Total efficiency is a multiplicative total of all sources of inefficiency as seen in equation (1)
. (Interested readers should see Färe, Grosskopf, and Lovell 
for more information regarding this decomposition and the relevant economic proofs.) Here, we focus on quality congestion as it impacts the total production of hospital care. While an input minimization approach has been typically used in health care DEA studies, our quality-congestion analysis requires an output orientation because of the possible association of a high volume of patients served with the occurrence of more patient safety events. In other words, we need to measure how patient safety may be compromised if too many outputs are being produced, holding inputs fixed.
Under the SDO assumption, expansion of all outputs is desirable and reducing one output leads to the possible increase of another output. In contrast, the assumption of WDO treats expansion of some outputs as undesirable. The WDO technology is illustrated in . Two production frontiers (i.e., maximum combinations of outputs that can be produced with fixed levels of inputs), represented by curves CD and EF, are shown in the figure. The distance between points B and A on the two output-based production frontiers illustrates congestion—good output cannot be expanded without increasing the “bad” output. Unlike the typical output substitution in productivity studies (i.e., where one good is substituted or traded off for the production of another good), the good and bad outputs move in the same direction as seen by the line. If congestion did not occur, the higher production frontier, CD, would represent greater adjusted output (i.e., the downward adjustment would be 0).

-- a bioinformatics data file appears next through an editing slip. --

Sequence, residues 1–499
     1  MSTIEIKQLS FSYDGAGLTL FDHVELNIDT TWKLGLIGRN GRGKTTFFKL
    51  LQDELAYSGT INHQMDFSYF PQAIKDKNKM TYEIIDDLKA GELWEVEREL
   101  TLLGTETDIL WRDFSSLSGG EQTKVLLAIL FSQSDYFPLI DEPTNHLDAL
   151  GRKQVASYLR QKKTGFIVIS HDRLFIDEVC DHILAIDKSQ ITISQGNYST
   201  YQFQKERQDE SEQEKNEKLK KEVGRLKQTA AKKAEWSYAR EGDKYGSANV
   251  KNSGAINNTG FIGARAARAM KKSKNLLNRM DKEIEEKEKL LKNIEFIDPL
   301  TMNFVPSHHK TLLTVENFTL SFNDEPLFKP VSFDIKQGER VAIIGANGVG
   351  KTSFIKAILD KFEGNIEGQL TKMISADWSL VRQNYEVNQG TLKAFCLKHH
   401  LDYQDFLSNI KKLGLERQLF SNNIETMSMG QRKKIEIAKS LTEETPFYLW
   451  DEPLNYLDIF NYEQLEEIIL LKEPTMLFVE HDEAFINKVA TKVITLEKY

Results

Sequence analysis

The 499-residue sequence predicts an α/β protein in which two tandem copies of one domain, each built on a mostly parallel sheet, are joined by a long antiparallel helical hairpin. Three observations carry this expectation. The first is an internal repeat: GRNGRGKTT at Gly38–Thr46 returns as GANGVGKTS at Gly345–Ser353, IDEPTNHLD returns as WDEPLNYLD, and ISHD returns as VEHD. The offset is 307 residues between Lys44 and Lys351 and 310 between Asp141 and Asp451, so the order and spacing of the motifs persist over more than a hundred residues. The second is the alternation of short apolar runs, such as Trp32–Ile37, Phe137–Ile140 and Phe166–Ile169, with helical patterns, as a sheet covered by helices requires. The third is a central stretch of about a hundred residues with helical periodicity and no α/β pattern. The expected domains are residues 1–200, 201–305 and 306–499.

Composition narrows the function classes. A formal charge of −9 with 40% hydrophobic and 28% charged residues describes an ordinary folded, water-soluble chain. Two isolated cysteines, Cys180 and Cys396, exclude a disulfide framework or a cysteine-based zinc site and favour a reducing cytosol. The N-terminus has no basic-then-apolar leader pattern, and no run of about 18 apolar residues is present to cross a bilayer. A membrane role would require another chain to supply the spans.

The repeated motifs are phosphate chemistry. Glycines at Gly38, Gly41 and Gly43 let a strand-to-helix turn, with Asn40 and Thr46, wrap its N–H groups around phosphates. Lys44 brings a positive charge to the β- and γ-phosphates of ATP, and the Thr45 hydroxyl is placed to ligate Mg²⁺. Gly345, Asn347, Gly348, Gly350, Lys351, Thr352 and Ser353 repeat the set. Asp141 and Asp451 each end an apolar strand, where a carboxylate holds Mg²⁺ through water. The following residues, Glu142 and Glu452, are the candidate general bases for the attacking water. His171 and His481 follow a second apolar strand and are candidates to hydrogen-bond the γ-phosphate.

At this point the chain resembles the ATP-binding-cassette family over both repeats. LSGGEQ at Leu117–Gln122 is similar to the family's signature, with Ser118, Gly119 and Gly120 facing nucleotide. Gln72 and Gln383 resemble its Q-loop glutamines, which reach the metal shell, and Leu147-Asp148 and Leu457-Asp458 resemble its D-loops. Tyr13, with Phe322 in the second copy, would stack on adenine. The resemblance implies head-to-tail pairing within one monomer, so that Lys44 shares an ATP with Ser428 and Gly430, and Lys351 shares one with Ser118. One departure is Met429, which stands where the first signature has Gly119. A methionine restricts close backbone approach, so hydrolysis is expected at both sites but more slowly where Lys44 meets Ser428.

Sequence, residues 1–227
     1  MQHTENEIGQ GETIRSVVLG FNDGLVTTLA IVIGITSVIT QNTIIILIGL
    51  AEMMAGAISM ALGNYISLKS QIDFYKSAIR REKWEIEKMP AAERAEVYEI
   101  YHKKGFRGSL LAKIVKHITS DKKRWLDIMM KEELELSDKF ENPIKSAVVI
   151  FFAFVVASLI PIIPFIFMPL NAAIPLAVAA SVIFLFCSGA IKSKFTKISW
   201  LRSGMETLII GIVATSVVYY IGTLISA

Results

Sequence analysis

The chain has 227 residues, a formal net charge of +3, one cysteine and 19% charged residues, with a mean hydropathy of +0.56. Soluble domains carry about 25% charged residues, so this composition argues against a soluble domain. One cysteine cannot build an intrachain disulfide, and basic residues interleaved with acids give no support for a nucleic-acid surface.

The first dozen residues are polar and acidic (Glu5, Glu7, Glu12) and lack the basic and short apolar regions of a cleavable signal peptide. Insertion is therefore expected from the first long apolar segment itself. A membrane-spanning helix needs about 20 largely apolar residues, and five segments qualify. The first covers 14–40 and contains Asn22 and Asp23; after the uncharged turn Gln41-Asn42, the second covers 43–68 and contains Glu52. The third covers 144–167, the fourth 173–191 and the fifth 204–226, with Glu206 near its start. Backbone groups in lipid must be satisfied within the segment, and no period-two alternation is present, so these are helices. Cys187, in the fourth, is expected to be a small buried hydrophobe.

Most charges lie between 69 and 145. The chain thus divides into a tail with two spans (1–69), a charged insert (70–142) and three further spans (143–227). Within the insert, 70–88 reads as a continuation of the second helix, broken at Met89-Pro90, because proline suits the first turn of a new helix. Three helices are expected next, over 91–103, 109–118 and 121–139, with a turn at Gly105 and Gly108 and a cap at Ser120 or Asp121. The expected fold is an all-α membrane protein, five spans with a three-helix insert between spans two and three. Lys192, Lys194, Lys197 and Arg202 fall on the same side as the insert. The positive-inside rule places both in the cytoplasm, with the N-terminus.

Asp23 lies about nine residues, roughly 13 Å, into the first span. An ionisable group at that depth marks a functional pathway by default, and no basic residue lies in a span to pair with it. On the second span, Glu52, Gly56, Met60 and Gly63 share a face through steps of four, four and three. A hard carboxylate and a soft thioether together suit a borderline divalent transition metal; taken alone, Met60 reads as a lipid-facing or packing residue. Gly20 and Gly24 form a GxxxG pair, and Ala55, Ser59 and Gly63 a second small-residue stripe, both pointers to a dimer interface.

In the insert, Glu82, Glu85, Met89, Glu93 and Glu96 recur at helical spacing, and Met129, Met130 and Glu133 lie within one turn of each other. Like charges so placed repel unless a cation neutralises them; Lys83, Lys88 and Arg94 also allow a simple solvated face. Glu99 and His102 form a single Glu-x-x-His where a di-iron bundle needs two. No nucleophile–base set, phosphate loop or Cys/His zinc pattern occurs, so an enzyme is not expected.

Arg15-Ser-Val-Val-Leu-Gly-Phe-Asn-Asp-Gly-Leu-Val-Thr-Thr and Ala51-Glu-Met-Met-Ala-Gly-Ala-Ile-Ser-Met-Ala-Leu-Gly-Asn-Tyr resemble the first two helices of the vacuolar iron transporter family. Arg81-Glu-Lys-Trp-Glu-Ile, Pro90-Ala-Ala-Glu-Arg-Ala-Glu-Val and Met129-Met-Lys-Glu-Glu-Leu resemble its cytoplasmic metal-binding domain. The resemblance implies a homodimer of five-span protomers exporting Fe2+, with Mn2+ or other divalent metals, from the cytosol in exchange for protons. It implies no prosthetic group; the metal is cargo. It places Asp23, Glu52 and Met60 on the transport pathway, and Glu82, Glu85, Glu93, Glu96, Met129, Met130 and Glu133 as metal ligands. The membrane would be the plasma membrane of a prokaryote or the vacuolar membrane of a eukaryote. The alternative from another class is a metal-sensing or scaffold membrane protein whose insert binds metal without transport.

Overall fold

Comparison of Unadjusted and Adjusted Production Frontiers
Once the quality-congestion measure is derived, we can adjust outputs to account for poor quality. This is accomplished by dividing the outputs by the quality-congestion measure, thereby discounting unadjusted output to form quality-adjusted output. If high-output hospitals have no quality congestion, we can assert that a volume–outcome relationship exists.
High-volume hospitals have been shown to have lower mortality rates than low-volume hospitals for certain technology-intensive, complicated procedures. A considerable body of literature supports the statistical association between high procedure volume and better outcomes. See Dudley et al. (2000)
for a review. Staff expertize developed as a result of learning by doing has been hypothesized as an explanation for this relationship, although the reasons for the association are still not entirely understood (Elixhauser, Steiner, and Fraser 2003
Despite the benefits of DEA identified above, there are some drawbacks. DEA has been criticized for its deterministic nature, which assumes no measurement error (Newhouse 1994
). But the stochastic nature of demand may lead hospital decision makers to overestimate resource needs. Depending on one's perspective, this might overstate inefficiency. For example, assuming fixed resources and random patterns of admissions (Grannemann, Brown, and Pauly 1986
), unoccupied beds might represent reservation quality (Joskow 1980